60. Saints at the Races

60. Saints at the Races

From Chicken Soup for the Soul: Runners

Saints at the Races

Endurance is not just the ability to bear a hard thing, but to turn it into glory.
~William Barclay

I want to draw attention to a group of endurance individuals who serve without honors, thanks or awards, and yet are highly deserving of canonization. These individuals are the family and crew of ultrarunners.

My husband Bob began his ultrarunning life in 1979 at a 50-mile race in Illinois. The following year he ran in a 100-mile race in California, and each year after that my three children and I have driven him around the United States from one ultrarun to the next. We are part of an elite group called the runners’ “crew.”

Crewing might seem like an easy job — drive around the race course meeting your runner at predetermined places, so that you can feed and encourage him and give him a change of clothes if needed. Piece of cake, right?

Let me give you a composite day in the life of my husband’s crew.

The morning of the race starts very early, like at 3:00 AM. The 4:00 AM race start leaves no room for lagging children. At the start line I am encouraging my husband and listening to the moans of three tired, hungry, unhappy children. Who can blame them?

At the start line the gun goes off and the runners head off into the dark for 100 miles of grueling mountain terrain. Now my ultra begins. Get the children loaded into the van, and find a place open this early so that they can have a hot meal, the last one for the next thirty hours.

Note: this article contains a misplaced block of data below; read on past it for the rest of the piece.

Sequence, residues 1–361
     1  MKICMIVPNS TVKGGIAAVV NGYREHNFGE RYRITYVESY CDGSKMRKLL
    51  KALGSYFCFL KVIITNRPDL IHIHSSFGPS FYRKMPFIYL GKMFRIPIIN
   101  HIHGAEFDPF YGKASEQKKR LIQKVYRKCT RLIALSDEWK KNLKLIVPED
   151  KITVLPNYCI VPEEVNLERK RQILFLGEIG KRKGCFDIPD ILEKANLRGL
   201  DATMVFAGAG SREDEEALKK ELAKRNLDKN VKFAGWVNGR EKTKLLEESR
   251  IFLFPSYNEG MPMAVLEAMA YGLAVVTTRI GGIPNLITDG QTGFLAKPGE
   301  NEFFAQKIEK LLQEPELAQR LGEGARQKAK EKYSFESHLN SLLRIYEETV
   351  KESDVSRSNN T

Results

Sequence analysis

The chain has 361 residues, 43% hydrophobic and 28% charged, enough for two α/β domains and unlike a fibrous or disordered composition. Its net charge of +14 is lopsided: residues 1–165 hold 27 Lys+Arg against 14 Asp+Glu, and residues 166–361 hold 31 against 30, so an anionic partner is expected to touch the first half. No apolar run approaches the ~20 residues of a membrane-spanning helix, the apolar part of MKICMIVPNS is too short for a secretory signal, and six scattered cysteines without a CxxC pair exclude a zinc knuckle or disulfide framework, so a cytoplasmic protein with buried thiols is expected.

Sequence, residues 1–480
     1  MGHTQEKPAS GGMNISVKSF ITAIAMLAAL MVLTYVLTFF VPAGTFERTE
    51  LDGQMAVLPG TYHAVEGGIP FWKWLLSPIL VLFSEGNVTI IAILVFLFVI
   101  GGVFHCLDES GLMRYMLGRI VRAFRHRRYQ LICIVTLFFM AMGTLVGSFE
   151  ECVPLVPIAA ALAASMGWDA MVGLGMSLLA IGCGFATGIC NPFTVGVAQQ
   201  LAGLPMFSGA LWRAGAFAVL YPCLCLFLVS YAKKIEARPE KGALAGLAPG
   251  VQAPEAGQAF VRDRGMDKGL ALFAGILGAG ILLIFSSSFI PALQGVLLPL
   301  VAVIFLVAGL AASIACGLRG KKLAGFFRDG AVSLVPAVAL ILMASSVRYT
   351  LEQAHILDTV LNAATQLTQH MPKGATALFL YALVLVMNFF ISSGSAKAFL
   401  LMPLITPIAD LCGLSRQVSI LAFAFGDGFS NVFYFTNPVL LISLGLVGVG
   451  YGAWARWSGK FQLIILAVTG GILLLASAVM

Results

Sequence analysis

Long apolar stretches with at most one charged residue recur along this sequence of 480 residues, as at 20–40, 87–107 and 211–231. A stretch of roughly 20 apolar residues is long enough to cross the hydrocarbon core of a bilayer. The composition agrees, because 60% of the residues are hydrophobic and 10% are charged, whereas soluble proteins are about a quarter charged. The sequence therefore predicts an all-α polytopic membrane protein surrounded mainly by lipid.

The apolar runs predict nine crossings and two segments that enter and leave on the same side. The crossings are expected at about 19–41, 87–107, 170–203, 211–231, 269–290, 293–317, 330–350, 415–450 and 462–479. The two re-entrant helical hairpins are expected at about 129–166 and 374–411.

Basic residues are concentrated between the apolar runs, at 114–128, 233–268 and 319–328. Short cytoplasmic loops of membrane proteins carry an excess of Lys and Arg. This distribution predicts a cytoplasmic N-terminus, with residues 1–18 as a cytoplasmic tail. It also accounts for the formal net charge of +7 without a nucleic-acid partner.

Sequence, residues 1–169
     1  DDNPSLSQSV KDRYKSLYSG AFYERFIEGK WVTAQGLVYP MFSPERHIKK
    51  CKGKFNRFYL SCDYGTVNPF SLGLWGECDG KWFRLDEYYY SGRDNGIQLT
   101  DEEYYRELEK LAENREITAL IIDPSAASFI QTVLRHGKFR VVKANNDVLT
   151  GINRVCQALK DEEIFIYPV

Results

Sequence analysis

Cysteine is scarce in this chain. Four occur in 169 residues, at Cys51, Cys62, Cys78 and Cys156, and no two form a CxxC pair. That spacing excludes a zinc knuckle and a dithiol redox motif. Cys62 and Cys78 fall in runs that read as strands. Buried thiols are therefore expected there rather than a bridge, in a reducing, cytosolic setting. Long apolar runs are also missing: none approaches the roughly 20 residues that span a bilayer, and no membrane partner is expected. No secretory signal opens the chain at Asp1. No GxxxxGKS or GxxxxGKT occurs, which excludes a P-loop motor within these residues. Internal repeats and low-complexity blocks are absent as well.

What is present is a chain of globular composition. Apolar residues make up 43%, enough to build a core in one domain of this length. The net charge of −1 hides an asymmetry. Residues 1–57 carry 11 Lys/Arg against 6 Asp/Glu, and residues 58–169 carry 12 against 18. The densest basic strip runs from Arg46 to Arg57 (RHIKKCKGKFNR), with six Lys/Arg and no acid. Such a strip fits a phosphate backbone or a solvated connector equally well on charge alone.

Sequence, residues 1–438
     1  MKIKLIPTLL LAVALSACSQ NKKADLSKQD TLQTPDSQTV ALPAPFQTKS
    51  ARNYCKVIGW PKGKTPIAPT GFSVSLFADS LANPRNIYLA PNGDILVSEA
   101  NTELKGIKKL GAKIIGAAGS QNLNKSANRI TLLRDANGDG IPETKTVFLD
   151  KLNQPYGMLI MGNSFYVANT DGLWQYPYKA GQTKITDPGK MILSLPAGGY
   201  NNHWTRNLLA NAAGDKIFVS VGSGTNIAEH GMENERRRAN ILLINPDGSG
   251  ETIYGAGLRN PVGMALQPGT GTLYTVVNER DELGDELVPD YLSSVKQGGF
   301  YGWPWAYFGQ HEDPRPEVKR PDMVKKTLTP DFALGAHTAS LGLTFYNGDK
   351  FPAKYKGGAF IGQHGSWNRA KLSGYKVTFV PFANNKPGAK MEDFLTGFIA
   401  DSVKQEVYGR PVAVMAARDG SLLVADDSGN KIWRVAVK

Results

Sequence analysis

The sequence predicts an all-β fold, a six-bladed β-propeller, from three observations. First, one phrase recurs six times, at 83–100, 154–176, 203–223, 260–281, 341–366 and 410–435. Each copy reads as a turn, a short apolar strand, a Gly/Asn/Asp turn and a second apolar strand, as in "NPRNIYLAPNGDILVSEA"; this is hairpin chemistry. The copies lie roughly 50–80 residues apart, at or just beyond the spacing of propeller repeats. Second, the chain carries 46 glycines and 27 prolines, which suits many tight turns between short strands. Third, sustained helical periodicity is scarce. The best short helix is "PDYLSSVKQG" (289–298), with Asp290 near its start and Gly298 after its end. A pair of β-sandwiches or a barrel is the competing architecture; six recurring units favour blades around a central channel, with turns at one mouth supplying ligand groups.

I check the map, given to me at the pre-race meeting, for the location of the first checkpoint. The sun has not yet risen above the horizon so seeing the turn-off roads is difficult. I try to keep my frustration level down as I turn around our full size van, which is not easy, and head back to the road I missed.

I park four blocks from the first checkpoint because of all the cars from crews that are already there. I strap my youngest child into his stroller and hand my daughter the folding chair and two of several gym bags that we will take. I attach the other gym bag to the stroller. My older son holds one handle of the cooler and I the other handle. One last check of the van to be sure we have not forgotten anything. We look like a caravan minus the camel.

The kids help me set up our mini-aid station. Now it is time to relax and wait. Okay, I entertain three children while we wait.

The kids spot their dad. The rhythm of the dance begins. Food is given, drinks are prepared, is it diluted Coke or Gatorade this time? Refill the water bottles. Take the cold weather gear that he wore early this morning; he won’t need this again until evening. Fill his pack with a variety of snacks to fuel him until the next checkpoint. We kiss him goodbye.

I sigh. One down, many more to go. Repack the bags, put my youngest in the stroller, hand the chair to my daughter, distribute packs and share the carrying of the cooler with my son. This is repeated over and over.

I feed Bob information about his time at each aid station. He has to make cutoff times or he will be pulled from the race. This information is as important to him as the food I provide.